School Council

All government schools in Victoria have school councils. They are legally formed bodies that are given powers to set the key directions of a school. In the performance of their role, school councils are able to directly influence the quality of education that the school provides for its students.

Within guidelines provided by the Department of Education and Early Childhood Development (DEECD), a school council has responsibilities for developing such things as:

  • the school charter which sets out the main goals and priorities of the school for three years 
  • the school's budget which shares out the available resources to make sure that the plans of the charter are charried out 
  • the general educational policy of the school 
  • the physical appearance and maintenance of the school's buildings and grounds 
  • the student code of conduct which provides a safe and orderly environment for learning 
  • an annual report on the school's achievements. 

Who is on a school council?

A school council's constituting Order specifies the total size of the council and the number of members in each category.

Most members of a school council stand for election at the school where they are parents or staff members. Other members can be co-opted by the council within the limits of the order.

Because parents have such an important part to play in schools, there is an elected parent member category. More than one-third of the elected members must be parents.

Similarly, there is an elected member category for employees of the DEECD. Members of this category may make up no more than one-third of the total membership. The principal of the school is automatically one of these members.

In February 2000, amendments to the global constituting Order made it possible for DEECD employees to be elected to the parent member category of school council. However, in order to preserve the overall balance between DEECD-employed and non DEECD-employed council members, the number of DEECD employees in the parent member category is strictly limited, and will vary according to the configuration of the individual council. Schedule 2 of the global constituting Order sets out in table form the various configurations available.

The February 2000 amendments also stipulate two separate electorates for the election of parent members and DEECD-employee members. Hence parents vote only for parent members and DEECD employees vote only for DEECD-employee members.

Many schools also have a community member category. This comprises non-elected members from the school or wider community who are co-opted on to the council because they have special skills or experience. This category cannot include DEECD employees.

School Council members are elected (or appointed in the case of co-opted members) for a two year term. Half the membership is elected or co-opted each year and this creates vacancies for the annual school council election.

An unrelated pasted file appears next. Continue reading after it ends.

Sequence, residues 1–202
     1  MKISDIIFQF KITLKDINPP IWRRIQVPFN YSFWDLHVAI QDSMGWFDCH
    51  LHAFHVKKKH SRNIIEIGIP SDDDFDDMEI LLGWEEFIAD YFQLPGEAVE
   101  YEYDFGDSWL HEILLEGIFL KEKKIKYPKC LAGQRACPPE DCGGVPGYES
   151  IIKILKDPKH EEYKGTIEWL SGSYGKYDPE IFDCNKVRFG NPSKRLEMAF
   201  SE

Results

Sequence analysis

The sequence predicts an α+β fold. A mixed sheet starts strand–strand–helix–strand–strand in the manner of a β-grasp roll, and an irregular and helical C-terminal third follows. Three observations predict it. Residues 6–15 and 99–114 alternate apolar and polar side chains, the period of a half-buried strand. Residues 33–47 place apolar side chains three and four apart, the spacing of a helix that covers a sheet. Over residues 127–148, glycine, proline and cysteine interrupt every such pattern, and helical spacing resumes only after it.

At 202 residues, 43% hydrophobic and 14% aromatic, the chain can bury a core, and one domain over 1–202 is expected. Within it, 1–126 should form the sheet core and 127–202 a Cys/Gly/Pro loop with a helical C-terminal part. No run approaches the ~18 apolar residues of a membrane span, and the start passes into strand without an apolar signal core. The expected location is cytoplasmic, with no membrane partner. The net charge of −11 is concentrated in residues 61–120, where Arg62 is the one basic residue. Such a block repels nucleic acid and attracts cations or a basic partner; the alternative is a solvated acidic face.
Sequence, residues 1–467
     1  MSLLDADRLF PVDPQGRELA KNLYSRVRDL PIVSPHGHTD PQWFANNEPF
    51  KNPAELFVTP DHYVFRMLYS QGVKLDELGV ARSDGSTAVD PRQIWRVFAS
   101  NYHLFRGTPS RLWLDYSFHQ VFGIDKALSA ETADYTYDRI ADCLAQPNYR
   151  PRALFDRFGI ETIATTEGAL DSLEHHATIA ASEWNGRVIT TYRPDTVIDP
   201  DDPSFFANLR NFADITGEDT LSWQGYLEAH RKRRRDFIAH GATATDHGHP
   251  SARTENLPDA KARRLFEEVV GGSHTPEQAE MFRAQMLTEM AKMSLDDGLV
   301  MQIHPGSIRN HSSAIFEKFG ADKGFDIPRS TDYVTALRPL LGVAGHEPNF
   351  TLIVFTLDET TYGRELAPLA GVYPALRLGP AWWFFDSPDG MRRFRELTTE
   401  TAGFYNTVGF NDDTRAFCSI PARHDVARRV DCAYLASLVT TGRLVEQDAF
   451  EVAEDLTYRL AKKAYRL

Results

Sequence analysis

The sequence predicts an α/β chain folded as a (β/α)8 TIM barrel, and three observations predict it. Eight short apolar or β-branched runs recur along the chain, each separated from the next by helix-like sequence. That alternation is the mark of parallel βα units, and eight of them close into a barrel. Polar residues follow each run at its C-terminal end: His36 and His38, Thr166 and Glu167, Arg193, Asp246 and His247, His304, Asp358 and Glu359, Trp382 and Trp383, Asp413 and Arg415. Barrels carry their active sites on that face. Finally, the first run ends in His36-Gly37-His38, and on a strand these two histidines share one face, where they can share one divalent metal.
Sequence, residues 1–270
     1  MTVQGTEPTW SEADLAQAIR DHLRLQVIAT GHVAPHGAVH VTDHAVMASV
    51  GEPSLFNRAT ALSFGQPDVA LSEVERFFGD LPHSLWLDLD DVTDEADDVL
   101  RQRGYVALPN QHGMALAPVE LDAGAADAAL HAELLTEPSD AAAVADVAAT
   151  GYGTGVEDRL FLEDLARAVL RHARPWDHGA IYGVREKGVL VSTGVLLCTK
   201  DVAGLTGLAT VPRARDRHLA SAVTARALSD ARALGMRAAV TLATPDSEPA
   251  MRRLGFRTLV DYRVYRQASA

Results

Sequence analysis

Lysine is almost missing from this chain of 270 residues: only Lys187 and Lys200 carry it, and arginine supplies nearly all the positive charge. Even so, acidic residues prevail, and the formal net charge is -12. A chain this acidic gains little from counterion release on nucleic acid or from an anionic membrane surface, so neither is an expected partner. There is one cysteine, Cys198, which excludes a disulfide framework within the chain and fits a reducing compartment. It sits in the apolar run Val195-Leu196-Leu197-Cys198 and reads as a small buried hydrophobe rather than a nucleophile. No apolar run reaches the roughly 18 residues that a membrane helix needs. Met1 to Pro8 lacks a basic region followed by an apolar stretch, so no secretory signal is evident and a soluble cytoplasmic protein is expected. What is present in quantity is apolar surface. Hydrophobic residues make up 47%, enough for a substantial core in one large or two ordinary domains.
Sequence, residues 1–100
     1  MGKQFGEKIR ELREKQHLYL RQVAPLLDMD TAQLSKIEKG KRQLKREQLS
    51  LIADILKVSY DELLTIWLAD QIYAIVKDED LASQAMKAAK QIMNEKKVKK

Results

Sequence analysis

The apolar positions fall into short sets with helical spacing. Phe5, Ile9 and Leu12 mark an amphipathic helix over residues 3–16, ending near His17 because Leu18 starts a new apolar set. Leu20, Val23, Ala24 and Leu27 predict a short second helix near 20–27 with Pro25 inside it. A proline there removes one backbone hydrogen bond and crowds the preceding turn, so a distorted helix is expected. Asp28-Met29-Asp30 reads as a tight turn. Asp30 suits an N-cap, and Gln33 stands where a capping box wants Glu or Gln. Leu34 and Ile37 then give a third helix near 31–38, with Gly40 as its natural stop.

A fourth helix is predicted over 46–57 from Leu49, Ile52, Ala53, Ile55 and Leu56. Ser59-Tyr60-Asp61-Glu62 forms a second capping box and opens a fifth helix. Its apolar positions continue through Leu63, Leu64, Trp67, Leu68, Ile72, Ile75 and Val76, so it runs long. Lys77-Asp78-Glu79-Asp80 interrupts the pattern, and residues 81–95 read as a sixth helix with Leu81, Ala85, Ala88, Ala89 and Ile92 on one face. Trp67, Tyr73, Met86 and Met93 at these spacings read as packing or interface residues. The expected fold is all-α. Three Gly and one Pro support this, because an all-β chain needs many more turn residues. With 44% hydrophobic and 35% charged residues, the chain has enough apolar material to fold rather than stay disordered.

Why is parent membership so important?

Parents on councils provide important viewpoints and have valuable skills that can help shape the direction of the school.

Those parents who become active on a school council find their involvement satisfying in itself and may also find that their children feel a greater sense of belonging.

How can you become involved?

The most obvious way to become involved is to vote in the elections which are held in February or March each year. Since ballots are only held if more people nominate as candidates than there are positions vacant, you might seriously consider:

  • standing for election as a member of the school council
  • suggesting to another person that they stand for election 

The principal arranges and conducts the elections. Ask at the school for help if you would like to stand for election and are not sure what to do.

School council elections - what do you need to do to stand for election?

If there are more nominations received than there are vacancies on council, a ballot will be conducted two weeks after the call for nominations has closed.

Make sure that you cast a vote and encourage other parents to do the same.

Details of the election process are available from the school.

All parents and staff will receive from the principal a notice of the election and a call for nominations in the second half of February or early in March. For parents, this notice will probably be given to your child, so you may need to check with them whether it has been sent.

If you decide to stand for election, you will need to arrange for someone to nominate and second you as a candidate in either the parent or DEECD employee category. Request a nomination form from the school and make sure that it is completed and returned to the principal within the time stated on the notice of election - seven days from the date it was sent.

Do you need special experience to be on school council?

No! What you need is an interest in your child's school and the ability to work co-operatively with others to help shape its future.